Dell CEO: US and China face a 'mutual assured destruction' scenario on trade

  • The U.S. and China are on a path of "mutual assured destruction" if there's a massive breakdown in trade relations, Dell CEO Michael Dell says.
  • Dell appropriated the Cold War military idea of "mutual assured destruction" to describe the economic damage of a U.S.-China trade war.
  • "No one will win" a trade war, Dell contends, adding he expects the likelihood that it will happen as "extremely low."

The United States and China are on a path of "mutual assured destruction" if there's a massive breakdown in trade relations, Dell CEO Michael Dell told CNBC on Monday.

"The two countries are completely intertwined," Dell said in a "Squawk on the Street" interview. "It would be an extremely bad outcome for both countries."

Michael Dell, whose company's two largest markets reside in the U.S. and China, said "no one will win" a trade war. He expects the likelihood that it will happen as "extremely low."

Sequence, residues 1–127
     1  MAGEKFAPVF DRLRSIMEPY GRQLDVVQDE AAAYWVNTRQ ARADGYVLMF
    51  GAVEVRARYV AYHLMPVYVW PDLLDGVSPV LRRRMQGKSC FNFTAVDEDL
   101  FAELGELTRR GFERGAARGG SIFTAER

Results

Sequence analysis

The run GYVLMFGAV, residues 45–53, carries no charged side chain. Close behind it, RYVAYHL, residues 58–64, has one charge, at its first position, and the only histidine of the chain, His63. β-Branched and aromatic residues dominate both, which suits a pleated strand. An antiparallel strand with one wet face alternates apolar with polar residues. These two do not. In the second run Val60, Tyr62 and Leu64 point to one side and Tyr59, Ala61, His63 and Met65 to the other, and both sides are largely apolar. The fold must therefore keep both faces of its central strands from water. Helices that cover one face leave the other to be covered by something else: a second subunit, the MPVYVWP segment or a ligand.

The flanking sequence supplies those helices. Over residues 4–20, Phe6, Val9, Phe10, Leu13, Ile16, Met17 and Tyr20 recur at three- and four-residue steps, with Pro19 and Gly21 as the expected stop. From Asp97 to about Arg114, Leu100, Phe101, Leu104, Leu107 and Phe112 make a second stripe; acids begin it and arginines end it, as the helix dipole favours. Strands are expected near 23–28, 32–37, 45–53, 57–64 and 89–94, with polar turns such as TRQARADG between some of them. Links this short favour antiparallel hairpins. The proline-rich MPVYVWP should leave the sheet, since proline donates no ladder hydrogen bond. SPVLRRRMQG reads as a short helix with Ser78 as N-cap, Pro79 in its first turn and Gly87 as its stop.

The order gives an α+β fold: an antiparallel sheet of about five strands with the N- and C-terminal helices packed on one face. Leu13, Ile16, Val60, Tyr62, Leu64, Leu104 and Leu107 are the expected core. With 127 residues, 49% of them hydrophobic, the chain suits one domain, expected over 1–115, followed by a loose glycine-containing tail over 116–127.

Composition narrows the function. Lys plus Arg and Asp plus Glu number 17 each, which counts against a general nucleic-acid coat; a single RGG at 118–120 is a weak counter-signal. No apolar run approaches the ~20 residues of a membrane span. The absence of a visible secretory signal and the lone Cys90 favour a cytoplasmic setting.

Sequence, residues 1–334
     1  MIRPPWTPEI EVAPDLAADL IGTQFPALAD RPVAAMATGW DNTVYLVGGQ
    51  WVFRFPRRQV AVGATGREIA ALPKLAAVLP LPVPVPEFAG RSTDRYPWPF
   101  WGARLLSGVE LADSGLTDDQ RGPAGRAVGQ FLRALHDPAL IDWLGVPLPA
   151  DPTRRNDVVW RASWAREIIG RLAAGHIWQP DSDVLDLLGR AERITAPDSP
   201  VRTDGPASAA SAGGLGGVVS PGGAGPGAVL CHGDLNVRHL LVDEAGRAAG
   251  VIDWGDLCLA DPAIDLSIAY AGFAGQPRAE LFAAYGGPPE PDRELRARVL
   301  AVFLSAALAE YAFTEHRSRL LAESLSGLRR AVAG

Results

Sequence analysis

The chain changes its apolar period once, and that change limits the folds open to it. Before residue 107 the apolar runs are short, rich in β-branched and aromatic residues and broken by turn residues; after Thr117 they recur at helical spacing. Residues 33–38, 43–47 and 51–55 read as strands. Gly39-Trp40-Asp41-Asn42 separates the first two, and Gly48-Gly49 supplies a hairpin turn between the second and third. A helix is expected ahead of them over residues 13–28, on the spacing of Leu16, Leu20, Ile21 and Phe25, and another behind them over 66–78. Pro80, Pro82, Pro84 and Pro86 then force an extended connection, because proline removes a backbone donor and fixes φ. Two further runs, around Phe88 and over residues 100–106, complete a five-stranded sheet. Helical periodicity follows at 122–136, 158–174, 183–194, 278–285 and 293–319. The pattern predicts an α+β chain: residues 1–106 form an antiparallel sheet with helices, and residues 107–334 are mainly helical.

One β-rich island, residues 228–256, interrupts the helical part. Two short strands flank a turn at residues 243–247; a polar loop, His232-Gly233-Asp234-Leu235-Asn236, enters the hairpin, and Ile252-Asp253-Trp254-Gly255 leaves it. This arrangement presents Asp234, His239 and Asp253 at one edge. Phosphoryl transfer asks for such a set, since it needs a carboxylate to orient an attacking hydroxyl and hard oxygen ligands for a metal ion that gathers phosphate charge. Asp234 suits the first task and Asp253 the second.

Dell appropriated the Cold War military idea of "mutual assured destruction" to describe the damage a U.S.-China trade war would cause both nation's economies.

President Donald Trump has been attacking what he sees as unfair trade on a number of fronts, including imposing tariffs of 25 percent on steel imports and 10 percent on aluminum imports. Those measures have been met with retaliatory measures from the European Union, Canada, Mexico and China. The president also threatened tariffs on European auto imports.

Meanwhile, Trump instructed the U.S. trade representative to identify $200 billion worth of Chinese goods for additional tariffs at a rate of 10 percent. That would be on top of the 25 percent tariffs on up to $50 billion of Chinese products. Those latter levies, announced on June 15, are set to start Friday. If that happens, China has promised to respond in kind.

Earlier Monday, Commerce Secretary Wilbur Ross said Trump isn't going to change his mind on trade even if the stock market keeps falling.

Michael Dell said his company is "as well-positioned as any company can be" in the event of a trade fight.

Dell appeared on CNBC after his company announced it would buy out the holders of shares that track the performance of the computer maker's 81 percent stake in VMWare, effectively making it public once again.

In the CNBC interview, Dell said the deal was a "relatively straightforward path," which will simplify the company's capital structure.

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